Celebrating Cummins: Spirit of excitement prevails as company embarks on the next 100 years

A spirit of excitement radiated in downtown Columbus as Cummins Inc. celebrated its 100th anniversary, although an overcast sky and rain put a damper on a few of the festivities.

The Fortune 200 company planned for about 13,000 current and former employees and their families to join the party Saturday morning and afternoon, and a large number of them enjoyed the many displays that showed the company’s evolution, breadth and future.

Lined along Jackson Street were an array of semis and trucks from different eras — including a 1937 Stutz Fire Engine once used by the Columbus Fire Department — that were all powered Cummins diesel engines.

A popular photo opportunity for attendees was just outside the Cummins Corporate Office Building at Fifth and Jackson streets, where the five race cars that competed in the Indianapolis 500 from the 1930s to the 1950s using a Cummins diesel engine were displayed.

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Next to the COB on Jackson Street, some of the very first engines that the company produced — featuring a minuscule 6 or 8 horsepower compared to those now that produce hundreds or thousands — thumped, hummed and billowed smoke, giving viewers a sense of the company’s roots and an appreciation for the evolution of Cummins’ diesel technology.

Cummins employees James McClanathan and Teegan Harrington were among those watching the old engines in action, saying it was cool to see them up close. They also said they appreciated the anniversary celebration.

“When working every day with colleagues, it’s easy to get lost and caught up in things. But when the community shows up, and (employees) are with family and friends, it gives a sense of community that Cummins has globally and here,” McClanathan said.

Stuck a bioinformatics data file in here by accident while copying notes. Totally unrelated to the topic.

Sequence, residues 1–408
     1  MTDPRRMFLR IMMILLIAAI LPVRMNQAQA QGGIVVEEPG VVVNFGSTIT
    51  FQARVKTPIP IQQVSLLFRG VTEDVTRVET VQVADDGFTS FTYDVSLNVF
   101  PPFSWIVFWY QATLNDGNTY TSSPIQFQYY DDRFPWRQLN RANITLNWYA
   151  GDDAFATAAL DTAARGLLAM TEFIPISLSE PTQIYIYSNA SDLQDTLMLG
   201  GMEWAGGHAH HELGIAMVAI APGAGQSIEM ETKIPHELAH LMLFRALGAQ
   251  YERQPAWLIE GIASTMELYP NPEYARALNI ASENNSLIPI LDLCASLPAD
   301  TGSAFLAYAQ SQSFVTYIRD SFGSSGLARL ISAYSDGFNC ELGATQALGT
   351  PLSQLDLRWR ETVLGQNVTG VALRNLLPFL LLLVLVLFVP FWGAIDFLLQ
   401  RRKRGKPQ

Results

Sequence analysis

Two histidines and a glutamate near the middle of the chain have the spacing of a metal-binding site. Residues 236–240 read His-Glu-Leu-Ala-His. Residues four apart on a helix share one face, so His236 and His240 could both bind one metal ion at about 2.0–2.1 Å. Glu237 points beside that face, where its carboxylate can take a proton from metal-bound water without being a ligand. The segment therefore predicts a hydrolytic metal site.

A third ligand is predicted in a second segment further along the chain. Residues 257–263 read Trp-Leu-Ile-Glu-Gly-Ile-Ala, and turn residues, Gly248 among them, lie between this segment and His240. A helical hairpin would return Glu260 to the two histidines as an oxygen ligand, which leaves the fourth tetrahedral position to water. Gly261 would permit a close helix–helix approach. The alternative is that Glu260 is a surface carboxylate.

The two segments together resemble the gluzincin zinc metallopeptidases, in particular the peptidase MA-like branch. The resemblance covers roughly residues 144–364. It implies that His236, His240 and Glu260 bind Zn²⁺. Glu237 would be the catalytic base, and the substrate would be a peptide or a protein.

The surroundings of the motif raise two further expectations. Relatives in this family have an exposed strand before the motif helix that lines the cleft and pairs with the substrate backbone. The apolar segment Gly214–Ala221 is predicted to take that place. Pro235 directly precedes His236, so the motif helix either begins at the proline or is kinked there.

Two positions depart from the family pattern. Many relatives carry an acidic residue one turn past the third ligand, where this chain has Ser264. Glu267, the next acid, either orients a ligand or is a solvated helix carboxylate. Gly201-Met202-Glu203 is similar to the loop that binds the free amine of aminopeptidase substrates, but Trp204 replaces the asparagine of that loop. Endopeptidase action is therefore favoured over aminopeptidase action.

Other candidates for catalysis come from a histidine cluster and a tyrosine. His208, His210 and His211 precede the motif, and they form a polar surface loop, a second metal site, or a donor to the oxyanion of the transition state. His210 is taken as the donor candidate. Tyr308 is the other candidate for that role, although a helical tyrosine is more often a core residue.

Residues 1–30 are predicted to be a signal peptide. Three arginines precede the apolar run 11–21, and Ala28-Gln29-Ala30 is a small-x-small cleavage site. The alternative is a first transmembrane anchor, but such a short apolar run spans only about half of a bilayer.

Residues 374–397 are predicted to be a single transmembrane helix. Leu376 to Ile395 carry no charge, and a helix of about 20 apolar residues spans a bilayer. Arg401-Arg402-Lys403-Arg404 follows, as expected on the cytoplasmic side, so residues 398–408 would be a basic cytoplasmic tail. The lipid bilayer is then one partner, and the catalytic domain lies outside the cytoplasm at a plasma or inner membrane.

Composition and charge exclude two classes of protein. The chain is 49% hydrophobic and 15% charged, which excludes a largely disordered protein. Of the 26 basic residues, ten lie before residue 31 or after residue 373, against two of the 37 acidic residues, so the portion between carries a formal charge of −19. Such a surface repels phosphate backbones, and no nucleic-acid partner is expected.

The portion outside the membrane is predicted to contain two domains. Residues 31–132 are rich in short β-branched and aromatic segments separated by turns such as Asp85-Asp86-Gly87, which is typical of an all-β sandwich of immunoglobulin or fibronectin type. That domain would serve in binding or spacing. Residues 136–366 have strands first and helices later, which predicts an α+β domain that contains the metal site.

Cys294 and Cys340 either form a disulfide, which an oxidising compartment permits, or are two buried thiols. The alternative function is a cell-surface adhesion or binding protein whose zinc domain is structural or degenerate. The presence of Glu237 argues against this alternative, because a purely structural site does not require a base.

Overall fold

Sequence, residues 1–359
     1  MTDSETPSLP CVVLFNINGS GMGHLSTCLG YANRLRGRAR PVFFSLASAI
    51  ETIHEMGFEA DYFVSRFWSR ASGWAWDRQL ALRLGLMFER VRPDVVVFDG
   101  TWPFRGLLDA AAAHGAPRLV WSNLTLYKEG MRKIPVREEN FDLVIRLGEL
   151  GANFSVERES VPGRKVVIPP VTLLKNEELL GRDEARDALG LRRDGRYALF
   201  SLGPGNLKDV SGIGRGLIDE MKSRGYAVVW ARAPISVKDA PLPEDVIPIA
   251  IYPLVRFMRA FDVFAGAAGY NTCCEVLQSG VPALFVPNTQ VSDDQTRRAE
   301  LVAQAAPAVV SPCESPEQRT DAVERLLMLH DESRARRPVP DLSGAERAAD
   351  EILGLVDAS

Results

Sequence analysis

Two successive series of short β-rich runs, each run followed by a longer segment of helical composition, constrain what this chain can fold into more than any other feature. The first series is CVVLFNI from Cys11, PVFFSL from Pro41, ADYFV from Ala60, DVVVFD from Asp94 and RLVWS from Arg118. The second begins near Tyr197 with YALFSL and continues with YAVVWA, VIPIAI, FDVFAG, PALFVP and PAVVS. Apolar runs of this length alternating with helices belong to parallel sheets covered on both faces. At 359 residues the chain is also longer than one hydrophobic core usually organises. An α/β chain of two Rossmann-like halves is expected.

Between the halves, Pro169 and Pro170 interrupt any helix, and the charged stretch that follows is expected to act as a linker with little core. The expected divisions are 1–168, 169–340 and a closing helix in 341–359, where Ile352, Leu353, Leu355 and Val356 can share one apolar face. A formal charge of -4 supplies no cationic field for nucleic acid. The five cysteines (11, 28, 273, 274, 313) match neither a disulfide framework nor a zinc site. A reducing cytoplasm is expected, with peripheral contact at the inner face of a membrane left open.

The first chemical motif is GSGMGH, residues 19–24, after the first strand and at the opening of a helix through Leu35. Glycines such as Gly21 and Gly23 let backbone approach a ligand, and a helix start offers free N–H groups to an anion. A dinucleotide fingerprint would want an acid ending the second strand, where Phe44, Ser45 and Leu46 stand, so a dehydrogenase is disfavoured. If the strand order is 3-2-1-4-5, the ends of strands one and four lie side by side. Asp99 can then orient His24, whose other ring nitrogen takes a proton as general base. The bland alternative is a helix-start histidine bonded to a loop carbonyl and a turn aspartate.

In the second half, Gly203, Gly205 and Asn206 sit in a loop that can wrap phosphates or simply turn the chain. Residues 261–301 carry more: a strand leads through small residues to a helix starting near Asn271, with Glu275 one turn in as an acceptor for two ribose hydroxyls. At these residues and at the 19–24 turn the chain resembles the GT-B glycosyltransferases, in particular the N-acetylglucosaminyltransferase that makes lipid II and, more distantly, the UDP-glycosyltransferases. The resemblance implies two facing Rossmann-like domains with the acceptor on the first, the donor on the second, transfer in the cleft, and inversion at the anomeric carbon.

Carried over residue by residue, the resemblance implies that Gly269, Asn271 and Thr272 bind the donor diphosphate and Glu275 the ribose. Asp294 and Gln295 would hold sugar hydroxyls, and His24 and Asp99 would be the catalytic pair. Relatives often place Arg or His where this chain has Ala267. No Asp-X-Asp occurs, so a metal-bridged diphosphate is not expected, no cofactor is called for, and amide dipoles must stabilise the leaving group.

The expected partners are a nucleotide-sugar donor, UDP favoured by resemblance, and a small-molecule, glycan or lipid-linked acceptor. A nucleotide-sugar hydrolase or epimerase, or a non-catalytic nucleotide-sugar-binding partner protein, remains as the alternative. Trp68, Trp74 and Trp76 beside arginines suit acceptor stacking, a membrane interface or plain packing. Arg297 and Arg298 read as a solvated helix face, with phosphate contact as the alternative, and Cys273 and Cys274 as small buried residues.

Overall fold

Providing juxtaposition, sitting opposite of the old engines, was Cummins’ electric-powered semi, representing the company’s newest business segment of electrification.

Across the street from the COB, the Cummins Diversity Choir entertained a crowd of about 100 people with a range of selections, from Leonard Cohen’s “Hallelujah” to Neil Diamond’s “Sweet Caroline.”

On Brown Street, a line stretched half a block with people waiting to enter the renovated COB and take a tour.

Feeling gratitude, optimism

The day’s scene and the company’s growth from a small startup in Columbus by Clessie Cummins in 1919 to a global operation with more than 60,000 employees gave Cummins Chairman and CEO Tom Linebarger plenty of reason to tell a gathered crowd of several hundred that he was feeling gratitude, pride and optimism for the future.

“Gratitude because the employees, families, the community, the community leaders, customers and partners that have supported us are the reason we’re here 100 years later,” Linebarger said.

Cummins President and Chief Operating Officer Rich Freeland said the day really was a celebration of the employees and their contributions.

“It (Cummins) was built by a lot of blood, sweat and tears by a lot of people,” Freeland said.

Seated on stage with Linebarger and Freeland were family members of two of the company’s most influential employees: Lyle Cummins and Matt Cummins, the son and grandson of founder Clessie Cummins, and Will Miller, a company board member and son of former chairman J. Irwin Miller, whose business philosophies shaped the company’s values of diversity and helping the communities where it operates.

About 90 members of the Cummins family came to Columbus to be part of the celebration. Lyle Cummins, 88, flew in from Wilsonville, Oregon, while Matt Cummins and a buddy drove a 1999 Dodge Ram pickup with a Cummins engine about 2,400 miles from Portland, Oregon.

The Cummins family members saw new historical displays reflecting the company’s centennial in the lobby of the renovated COB, many prominently featuring the company’s founder. One display, called “Dress like Clessie,” allowed visitors to don a black bow tie and gray sweater similar to the ones the founder was known for wearing.

Lyle Cummins said his father would probably be amazed at how much his company has grown.